Elisabeth Manville
Apr 25, 2012

New bone cement uses nanoparticles to reduce infection risk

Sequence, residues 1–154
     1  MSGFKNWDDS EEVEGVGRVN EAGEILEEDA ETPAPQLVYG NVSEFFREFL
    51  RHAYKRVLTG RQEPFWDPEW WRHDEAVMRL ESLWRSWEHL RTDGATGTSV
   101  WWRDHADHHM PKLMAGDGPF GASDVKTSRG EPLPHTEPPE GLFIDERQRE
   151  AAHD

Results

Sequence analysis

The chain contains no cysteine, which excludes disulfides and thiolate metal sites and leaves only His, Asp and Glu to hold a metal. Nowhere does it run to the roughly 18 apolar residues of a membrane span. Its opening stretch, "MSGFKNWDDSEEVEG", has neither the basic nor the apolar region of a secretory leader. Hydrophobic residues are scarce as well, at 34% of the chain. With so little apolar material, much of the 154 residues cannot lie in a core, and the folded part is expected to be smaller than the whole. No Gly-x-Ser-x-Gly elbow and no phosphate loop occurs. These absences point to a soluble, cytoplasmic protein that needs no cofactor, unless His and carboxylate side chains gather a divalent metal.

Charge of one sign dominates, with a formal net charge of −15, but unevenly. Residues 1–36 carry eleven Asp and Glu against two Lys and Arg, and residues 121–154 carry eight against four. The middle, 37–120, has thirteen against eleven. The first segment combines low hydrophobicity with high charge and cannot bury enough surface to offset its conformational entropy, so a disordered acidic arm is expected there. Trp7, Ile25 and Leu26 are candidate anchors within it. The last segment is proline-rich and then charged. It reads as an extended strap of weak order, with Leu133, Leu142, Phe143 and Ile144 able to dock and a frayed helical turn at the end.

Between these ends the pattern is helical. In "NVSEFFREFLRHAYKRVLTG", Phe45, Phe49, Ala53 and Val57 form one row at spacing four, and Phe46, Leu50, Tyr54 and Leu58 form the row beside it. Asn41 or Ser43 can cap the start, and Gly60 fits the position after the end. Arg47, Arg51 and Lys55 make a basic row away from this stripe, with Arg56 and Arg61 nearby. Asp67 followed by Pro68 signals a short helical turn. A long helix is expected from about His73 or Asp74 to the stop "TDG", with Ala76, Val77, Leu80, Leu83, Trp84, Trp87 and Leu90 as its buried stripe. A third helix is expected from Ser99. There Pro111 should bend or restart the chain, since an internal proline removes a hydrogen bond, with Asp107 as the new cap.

Researchers at the A*STAR Institute of Chemical Engineering Sciences have developed a new type of bone cement for use in hip and knee replacement surgeries that is less likely to lead to complications. The bone cement slowly releases antibiotic drugs, which could dramatically reduce infection rates and the need for further interventions. Conventional bone cements commonly use a polymer called Poly(methyl methacrylate), or PMMA, to fix new bone implants. These also may contain antibiotics, but they are released quickly in the body and can even become trapped within the cement and never be released. The new cement utilizes porous silica nanoparticles to carry antibiotics into the PMMA. “Our next step is to make multifunctional nanoparticles for bone cements which both release drugs and are detectable to X-rays,” Shou-Cang Shen, who led the research, said. “Bone cements that appear opaque to X-rays could allow for post-surgery observation and diagnosis of any problems.”